You have a lot of questions about going to Tibet, and we have quicks answers in this How to Visit Tibet FAQ post.
Check the questions below for questions we’ve already answered, and leave your own question in the comments section.
We will answer!
And if you need an introduction to a reliable, Tibetan-owned Tibet travel agency, we’re happy to give you one after you fill out this short travel referral form.
Let’s dive into answering Tibet travel questions…
Is it safe to travel alone in Tibet?
Yolanda has traveled “alone” in Tibet and felt completely safe (much more safe than in my native US, for example). However, know that you can’t travel on your own in the Tibet Autonomous Region, so you must be with a guide and driver the majority of the time. Travel in Kham and Amdo could be done independently but though things are changing we still don’t recommend independent travel there due to lack of solid independent tourist infrastructure along with language challenges. With a guide and driver, we feel it is safe to travel “alone” in Kham and Amdo.
When is the best time to travel to Tibet?
You can travel to Tibet year-round, (with the exception of the normal February/March closures and occasional unplanned closures). Here’s a post on weather in Tibet to help you decide when it’s best for you. Also you can sign up for the free Tibet Travel Planner to get a longer, more detailed discussion on the pro’s and con’s of traveling at various times of the year in Tibet.
Is Tibet now open to foreigners?
2021 Travel Advisory: As of July 12, 2021, permits for travel in Tibet by foreigners currently living in China has begun. (Actual first trip dates are likely to be around July 25, due to processing times.) Travelers not already living in China still seem to be subject to a 14-day quarantine and the Tibet permit situation for these is not known. However, if you want to travel to Tibet you can pre-book travel for a later date. By doing this, you will support local Tibetan-owned businesses at a time when they are struggling to survive. To learn more, ask us for an introduction to a reliable Tibetan travel agency here.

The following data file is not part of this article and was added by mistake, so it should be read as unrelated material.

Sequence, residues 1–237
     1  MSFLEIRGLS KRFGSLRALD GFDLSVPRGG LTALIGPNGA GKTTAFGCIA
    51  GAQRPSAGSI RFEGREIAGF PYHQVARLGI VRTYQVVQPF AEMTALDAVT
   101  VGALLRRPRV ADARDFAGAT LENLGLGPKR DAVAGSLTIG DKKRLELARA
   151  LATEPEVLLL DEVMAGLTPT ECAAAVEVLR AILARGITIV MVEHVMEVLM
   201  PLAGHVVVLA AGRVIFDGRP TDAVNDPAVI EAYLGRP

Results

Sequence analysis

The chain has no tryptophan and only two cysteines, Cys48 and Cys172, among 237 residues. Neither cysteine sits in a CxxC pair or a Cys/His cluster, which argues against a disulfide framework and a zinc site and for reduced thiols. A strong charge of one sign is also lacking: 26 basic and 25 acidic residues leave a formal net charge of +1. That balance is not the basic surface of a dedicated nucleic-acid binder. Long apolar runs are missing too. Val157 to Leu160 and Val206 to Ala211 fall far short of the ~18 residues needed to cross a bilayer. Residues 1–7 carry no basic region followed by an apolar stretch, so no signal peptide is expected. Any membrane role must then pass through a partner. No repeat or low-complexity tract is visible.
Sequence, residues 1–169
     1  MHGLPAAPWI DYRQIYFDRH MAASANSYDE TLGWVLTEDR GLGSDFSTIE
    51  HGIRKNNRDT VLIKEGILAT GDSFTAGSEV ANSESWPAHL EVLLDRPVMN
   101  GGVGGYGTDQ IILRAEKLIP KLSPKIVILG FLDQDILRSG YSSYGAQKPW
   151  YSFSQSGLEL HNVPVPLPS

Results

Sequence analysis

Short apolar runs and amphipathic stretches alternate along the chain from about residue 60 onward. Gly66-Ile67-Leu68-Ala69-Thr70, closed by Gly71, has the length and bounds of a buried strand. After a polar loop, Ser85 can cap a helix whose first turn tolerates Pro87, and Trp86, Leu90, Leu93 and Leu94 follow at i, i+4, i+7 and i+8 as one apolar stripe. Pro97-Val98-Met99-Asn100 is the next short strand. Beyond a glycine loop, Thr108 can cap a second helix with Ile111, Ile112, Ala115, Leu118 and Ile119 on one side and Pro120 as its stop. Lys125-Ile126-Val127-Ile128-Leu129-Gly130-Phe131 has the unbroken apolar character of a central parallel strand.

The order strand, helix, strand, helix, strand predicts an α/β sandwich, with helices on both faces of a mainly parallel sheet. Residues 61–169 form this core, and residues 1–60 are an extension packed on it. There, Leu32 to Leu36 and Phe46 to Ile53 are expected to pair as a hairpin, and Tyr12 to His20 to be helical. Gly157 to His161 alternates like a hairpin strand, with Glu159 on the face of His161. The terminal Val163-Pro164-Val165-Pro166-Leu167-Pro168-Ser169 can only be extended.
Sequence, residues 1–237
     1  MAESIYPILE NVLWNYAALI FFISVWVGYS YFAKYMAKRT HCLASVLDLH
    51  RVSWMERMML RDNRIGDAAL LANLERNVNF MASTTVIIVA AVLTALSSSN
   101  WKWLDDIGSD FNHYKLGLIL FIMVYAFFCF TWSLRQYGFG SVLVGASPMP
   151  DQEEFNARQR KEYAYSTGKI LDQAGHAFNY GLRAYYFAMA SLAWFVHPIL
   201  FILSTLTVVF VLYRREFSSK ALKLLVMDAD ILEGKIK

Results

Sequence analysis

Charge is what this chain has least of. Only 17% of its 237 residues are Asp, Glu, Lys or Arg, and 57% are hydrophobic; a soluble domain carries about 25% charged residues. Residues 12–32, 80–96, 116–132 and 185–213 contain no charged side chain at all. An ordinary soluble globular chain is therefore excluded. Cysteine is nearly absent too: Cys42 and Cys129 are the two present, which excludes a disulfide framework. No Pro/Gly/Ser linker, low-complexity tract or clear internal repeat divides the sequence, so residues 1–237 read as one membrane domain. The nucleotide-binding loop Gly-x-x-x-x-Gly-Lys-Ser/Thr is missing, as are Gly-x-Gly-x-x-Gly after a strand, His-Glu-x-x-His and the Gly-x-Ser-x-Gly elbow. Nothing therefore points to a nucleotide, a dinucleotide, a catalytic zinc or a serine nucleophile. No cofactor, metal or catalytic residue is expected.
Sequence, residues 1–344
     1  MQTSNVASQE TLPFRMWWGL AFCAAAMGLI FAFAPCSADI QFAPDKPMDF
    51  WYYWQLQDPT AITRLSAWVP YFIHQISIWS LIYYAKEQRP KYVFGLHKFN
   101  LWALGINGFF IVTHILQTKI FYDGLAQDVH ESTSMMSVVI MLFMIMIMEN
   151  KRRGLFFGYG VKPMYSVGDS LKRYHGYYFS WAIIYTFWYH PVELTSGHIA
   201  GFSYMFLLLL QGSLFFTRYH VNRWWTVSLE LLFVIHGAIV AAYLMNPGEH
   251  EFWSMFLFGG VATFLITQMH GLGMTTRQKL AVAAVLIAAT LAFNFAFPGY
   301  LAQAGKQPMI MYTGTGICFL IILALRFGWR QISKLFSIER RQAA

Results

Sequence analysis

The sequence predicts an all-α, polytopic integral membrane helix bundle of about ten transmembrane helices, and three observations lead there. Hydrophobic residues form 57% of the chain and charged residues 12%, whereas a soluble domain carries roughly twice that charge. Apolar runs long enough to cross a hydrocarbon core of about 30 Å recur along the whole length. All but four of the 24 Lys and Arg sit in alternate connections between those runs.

Usually, yes, the Tibetan Autonomous Region (TAR) is open to foreign travelers. For the last decade or so, the TAR has been closed to non-Chinese travelers from roughly mid-February through the whole of March. 2019 was a little different. The closure began earlier in February due to Tibetan New Year starting on Feb. 5, and then surprisingly, on February 26 certain Tibet travel companies were told they would be allowed to process permits for March 2019.
The late announcement meant, effectively, that travelers would not be able to actually travel in Tibet in March 2019, as the permit typically takes about three weeks to process. Still it is welcome news that the TAR may possibly be open in March in the future. Of course no one can be sure of that until it actually comes around! Learn more at When is Tibet Closed to Foreigners?
To get your Tibet permits you will need go on an organized tour with a Tibet travel agency. For a referral to a reliable agency, fill out this form.
Can I buy a sleeping bag in Lhasa?
Yes, you can buy a sleeping bag in Lhasa, but you won’t be able to be assured of the quality (ie, warmth) and it is likely to be overpriced. It may have branding that is false. You can usually borrow or rent one from your agency, but in that case you need to ask ahead to be sure you can, and bring a sleep sack, or just a single sheet, as the bag will very likely have been used by many people and not clean. When possible we bring our own. …Also a heads up that Tibetans themselves don’t generally trust the quality of things available in Tibet, even name brand things (which are often assumed to be fake). There’s a general perception that the goods you buy in Tibet and mainland China are more likely to be subpar than what you would buy in the west. For some good Lhasa tips, check out 17 Dos and Don’ts for a First Time Visit to Lhasa.